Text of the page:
S – Students learn about the concepts of stoichiometry and limiting reactants,how they relate to a balanced chemical equation.

T – Students use PhET interactive simulations on the computer to practice applying these concepts.

E – Students design an experiment using gas generators, rockets, and a launch pad to test ratios of reactants and determine a proper stoichiometric ratio for a reaction.

M – Students use their lab data to calculate the amount of water generated by the reaction.

11th Grade Biology

S – Students will design an experiment to investigate cell processes (Cellularrespiration and Photosynthesis)

T – students use Internet collaboratively (using Google Docs) to conduct research on some cellular activities that are involved in photosynthesis and cellular respiration and presenting their work in the form of PowerPoint to the class

E – students will build/construct a model that compares photosynthesis and Cellular respiration

M – students will collect data from experiment and graph result

10th Grade Chemistry

S – Students perform a lab measuring heat capacity of a metal sinker. They then learn about various liquids that absorb heat produced by machines.

T – Temperature probes interfaced with students’ computers record and graph temperature at regular intervals.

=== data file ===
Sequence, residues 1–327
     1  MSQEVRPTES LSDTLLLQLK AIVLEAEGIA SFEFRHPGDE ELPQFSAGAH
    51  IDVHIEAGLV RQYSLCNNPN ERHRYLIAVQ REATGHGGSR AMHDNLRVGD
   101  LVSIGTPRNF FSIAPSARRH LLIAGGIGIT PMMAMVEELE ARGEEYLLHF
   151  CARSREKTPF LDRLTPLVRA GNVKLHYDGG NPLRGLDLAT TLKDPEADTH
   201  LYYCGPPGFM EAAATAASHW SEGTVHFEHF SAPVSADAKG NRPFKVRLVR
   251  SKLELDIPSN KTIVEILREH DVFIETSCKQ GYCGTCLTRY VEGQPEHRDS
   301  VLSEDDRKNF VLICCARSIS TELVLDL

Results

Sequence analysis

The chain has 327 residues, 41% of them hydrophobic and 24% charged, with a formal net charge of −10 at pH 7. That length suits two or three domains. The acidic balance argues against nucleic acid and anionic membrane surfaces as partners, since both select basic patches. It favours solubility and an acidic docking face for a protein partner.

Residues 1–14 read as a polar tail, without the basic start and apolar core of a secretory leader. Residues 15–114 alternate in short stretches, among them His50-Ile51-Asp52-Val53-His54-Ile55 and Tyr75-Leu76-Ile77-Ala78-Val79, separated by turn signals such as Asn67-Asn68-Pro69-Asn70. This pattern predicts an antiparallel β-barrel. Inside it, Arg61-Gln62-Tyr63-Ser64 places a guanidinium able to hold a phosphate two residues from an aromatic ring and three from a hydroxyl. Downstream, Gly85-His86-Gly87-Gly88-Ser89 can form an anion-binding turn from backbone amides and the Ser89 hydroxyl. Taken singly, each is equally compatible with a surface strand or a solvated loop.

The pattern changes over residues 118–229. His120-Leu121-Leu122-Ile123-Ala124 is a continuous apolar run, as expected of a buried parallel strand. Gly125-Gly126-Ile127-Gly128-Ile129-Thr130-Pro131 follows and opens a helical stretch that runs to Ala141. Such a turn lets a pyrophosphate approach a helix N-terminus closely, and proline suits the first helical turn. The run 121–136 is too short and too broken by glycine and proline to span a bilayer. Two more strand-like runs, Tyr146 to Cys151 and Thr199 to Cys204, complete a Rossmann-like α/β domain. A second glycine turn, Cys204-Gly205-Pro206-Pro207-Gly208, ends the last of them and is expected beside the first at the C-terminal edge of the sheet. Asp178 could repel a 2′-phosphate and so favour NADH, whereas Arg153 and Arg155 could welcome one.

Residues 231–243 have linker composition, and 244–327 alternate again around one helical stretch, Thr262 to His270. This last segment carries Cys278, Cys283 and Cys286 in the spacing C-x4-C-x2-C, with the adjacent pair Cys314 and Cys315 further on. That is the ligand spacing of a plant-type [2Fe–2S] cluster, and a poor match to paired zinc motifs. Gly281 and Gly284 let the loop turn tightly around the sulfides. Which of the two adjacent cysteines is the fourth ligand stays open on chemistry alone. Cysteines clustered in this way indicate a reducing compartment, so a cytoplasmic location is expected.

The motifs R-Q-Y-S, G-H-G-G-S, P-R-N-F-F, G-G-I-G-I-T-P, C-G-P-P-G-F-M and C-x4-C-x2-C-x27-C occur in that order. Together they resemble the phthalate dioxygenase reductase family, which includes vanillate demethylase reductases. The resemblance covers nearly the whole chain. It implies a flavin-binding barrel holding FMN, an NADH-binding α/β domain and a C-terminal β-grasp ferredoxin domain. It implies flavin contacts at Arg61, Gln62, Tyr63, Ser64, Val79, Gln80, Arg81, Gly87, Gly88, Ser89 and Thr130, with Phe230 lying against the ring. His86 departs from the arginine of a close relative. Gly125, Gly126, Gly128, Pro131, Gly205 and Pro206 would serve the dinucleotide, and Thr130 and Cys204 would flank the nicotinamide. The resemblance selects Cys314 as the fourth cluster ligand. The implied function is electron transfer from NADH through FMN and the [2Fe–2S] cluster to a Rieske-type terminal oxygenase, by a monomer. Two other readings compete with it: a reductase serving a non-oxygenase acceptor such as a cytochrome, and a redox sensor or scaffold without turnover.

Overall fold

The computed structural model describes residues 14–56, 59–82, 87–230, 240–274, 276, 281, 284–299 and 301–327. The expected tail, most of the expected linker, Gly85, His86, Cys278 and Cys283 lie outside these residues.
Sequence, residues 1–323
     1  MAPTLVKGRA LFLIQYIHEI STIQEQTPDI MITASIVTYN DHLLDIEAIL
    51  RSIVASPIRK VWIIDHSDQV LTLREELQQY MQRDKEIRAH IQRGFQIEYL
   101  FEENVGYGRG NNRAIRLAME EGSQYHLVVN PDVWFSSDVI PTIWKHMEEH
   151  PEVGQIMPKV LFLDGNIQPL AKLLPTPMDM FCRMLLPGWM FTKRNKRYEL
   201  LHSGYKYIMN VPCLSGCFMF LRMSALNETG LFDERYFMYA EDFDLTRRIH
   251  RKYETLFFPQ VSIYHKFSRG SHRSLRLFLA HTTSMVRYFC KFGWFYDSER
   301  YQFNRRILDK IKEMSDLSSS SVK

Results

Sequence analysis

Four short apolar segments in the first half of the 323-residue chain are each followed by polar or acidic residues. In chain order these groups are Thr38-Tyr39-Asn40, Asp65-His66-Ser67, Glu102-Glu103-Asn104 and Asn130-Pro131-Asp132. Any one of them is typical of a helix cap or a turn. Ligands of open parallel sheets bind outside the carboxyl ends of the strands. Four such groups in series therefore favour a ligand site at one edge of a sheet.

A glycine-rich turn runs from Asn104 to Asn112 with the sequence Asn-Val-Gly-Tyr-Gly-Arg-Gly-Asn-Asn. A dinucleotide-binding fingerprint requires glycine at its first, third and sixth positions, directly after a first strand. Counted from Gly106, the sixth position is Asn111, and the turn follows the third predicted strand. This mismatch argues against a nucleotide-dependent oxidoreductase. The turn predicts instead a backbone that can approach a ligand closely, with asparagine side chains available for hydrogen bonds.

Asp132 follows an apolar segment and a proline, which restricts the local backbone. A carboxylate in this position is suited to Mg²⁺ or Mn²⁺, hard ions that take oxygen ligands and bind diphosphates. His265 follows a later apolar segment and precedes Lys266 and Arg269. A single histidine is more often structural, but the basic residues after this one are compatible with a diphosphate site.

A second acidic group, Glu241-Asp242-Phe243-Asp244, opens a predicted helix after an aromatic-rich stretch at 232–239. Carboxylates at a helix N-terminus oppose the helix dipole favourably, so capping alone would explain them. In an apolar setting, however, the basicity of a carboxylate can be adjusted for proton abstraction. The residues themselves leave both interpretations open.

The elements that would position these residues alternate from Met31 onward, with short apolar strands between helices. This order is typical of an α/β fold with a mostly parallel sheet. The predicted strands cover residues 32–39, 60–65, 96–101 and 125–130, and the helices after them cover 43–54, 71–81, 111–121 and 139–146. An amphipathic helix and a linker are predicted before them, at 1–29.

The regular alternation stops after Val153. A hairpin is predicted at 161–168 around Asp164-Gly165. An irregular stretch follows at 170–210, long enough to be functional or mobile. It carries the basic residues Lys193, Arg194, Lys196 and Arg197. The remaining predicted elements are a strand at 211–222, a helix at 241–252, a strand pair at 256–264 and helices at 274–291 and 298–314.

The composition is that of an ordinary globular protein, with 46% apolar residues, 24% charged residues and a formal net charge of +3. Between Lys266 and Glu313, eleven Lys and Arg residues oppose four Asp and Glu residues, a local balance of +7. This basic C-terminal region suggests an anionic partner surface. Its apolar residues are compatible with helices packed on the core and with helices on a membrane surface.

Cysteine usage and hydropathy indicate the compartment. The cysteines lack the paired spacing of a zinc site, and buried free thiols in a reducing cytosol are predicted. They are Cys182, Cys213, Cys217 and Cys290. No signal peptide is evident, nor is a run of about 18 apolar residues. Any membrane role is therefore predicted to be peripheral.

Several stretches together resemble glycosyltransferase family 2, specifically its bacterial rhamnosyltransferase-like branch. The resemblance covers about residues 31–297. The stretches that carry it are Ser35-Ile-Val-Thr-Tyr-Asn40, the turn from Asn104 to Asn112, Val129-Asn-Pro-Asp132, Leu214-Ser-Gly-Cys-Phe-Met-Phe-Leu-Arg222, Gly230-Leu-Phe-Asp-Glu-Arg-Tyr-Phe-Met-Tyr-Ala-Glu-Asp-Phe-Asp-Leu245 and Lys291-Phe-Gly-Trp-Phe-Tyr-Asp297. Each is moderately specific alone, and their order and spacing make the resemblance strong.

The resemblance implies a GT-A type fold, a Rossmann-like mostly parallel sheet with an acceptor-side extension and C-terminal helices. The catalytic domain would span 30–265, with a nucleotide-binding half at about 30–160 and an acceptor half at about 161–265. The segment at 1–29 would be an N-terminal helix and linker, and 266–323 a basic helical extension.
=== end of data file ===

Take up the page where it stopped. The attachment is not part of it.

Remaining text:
E – Students use an inquiry approach to investigate different solutions that may be used to remove heat from a system. They will go on to identify the solution that works best.

M – Datatables and graphs will be interpreted and calculations performed to quantify the amount of heat absorbed by each solution.


  Student Quotes

"We went from a simple shed to designing our own dream houses and sports complexes complete with furniture and landscaping. It allows us not only the capability to keep our designs clean and readable but also allows us to see the building in 3D and visualize what we have built." -Paul  '13 


"My favorite project has been the designing of the Sport facility on Revit. I also liked the roller coaster project. I liked working with my partners for this project and working together to make the roller coaster."  -Austin  '13  

"I like to use my hands; it is fun to be hands on with structures. I enjoy building with my friends and learning at the same time.  They have prepared me for hard work and I learned about how structures are built." -Michael '13